The following is Part II of a two-part essay that was published on the Spotlights blog of the The North American Coordinating Council on Japanese Library Resources (NCC) in October 2022. The essay was co-written by Jeremy Joseph (OSU Class of 2024) and Japanese Studies Librarian, Dr. Ann Marie Davis. Part I of this essay is available here.
Capturing the Mundane to the Extraordinary: Tobita’s Valuable Sketches
A trove of details, from the mundane to the extraordinary, about life at Sugamo naturally surfaced as a result of this Project. For example, extensive interviews with Tobita revealed that he began gifting his art to fellow inmates at the behest of Prince Nashimoto Morimasa, an uncle-in-law of Emperor Shōwa and Tobita’s fellow inmate and confidant at Sugamo. When Prince Nashimoto was released in April 1946, he asked Tobita to offer him one of his drawings as a parting gift.
Tobita had drawn pictures for himself in private, but he had never shared his work before the prince’s request. After some thought, he drafted a cartoon-like watercolor, entitled Senpan haishoku no zu (roughly translated, “An Illustration of the Cafeteria Line for War Criminals”) in which about two dozen Class-A and Class-C suspects, including Hideki Tojo, Prince Nashimoto, and Tobita himself, stand in single file as they advance toward a meal distribution table. At the head of the line, a couple of men bow to fellow prisoners who are serving their food. An American serviceman stands by idly observing with a cigarette in his mouth.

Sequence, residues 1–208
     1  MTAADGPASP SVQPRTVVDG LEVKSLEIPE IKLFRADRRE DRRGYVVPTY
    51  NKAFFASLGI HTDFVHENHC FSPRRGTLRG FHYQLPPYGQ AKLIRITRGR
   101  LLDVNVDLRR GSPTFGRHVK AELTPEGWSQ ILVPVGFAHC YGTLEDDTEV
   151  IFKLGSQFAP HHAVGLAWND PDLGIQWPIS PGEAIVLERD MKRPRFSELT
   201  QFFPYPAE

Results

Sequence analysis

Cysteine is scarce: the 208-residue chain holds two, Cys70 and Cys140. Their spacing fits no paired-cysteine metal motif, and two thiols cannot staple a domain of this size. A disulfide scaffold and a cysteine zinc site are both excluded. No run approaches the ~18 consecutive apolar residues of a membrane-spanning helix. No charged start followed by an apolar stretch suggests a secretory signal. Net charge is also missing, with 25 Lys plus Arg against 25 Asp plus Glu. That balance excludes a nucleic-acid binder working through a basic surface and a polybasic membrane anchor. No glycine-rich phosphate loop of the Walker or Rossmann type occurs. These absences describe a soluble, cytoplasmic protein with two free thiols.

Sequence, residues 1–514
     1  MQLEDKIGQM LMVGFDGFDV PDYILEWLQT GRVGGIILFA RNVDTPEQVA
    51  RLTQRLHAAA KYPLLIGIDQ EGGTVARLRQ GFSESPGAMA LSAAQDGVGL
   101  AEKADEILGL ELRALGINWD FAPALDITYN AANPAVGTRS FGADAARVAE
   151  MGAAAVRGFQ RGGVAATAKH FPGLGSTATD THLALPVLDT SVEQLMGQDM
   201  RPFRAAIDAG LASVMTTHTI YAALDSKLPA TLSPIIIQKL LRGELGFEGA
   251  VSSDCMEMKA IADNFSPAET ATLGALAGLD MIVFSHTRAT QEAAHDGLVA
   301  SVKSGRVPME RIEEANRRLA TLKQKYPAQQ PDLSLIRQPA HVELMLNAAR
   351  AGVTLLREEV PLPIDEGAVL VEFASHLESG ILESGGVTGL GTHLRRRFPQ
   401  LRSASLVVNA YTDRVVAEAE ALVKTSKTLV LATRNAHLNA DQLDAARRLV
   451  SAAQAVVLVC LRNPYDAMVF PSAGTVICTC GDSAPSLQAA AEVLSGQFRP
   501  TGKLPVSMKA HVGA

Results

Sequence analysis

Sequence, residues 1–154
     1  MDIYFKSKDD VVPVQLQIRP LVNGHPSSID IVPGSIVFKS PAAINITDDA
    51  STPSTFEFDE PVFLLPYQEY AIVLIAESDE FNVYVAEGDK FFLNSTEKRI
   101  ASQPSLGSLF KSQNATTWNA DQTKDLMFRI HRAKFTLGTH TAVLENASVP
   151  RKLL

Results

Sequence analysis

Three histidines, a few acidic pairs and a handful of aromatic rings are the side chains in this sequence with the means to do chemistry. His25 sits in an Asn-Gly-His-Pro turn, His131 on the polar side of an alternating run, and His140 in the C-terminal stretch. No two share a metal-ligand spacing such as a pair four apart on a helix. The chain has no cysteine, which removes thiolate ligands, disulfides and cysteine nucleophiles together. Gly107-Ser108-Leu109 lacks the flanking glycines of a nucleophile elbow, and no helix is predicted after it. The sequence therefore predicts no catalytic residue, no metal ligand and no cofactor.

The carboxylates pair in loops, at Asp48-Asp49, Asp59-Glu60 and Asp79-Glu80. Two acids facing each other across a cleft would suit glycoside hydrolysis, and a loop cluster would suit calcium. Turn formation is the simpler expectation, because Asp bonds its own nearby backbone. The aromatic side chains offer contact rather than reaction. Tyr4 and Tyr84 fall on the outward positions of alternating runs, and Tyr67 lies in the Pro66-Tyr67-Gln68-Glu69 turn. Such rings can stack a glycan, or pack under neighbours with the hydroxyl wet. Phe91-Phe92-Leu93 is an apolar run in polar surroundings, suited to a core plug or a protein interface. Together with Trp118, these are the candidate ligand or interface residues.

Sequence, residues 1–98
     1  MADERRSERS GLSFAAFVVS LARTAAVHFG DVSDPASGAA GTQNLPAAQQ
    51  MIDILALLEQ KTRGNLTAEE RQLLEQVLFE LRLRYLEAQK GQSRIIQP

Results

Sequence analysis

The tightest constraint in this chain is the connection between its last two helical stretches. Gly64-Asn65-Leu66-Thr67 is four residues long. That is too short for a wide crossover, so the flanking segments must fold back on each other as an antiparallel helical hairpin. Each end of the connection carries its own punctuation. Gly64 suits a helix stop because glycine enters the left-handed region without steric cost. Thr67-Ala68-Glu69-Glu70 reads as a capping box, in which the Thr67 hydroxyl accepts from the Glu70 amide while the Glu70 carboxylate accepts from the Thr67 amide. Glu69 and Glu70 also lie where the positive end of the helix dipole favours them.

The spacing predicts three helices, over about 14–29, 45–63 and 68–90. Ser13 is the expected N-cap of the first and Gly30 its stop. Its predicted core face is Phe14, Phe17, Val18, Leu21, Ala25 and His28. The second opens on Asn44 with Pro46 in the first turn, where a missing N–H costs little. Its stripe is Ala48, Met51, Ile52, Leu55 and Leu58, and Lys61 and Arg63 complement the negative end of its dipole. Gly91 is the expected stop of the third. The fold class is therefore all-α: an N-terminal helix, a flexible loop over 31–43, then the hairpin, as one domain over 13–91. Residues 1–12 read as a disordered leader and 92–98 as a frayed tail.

After composing this watercolor, Tobita began drawing manically to alleviate his extreme anxiety and fear of execution as he awaited sentencing before the Tokyo Trials. Reflecting this mood, his earliest drawings took up haunting scenes, such as the routine cavity searches of naked convicts and the confiscation of shaving razors by guards at public baths. In one such troubled drawing (Figure 5), a prisoner struggles with insomnia while his cell mates sleep through an onslaught of threatening noises that breach the vent in their prison cell door. While most of the men snore, two are shown experiencing dark nightmares, as indicated by image-filled “speech” bubbles, one with a horn-headed monster and the other a knife-wielding assailant and bomber plane flying overhead.
Fumio Fujiki, “P-ko” and the Humbling Realities of Daily Life
As Tobita depicted early tensions between the American jailers and Japanese prisoners, other amateur artists emerged who copied his work and took up new themes. According to Powell and Du (2015), the Sugamo Project was ultimately able to identify nine prison artists whose work resembles Tobita’s. Among these, many took up the theme of prostitution, a flourishing post-war business that the Japanese convicts recognized just beyond the prison gates.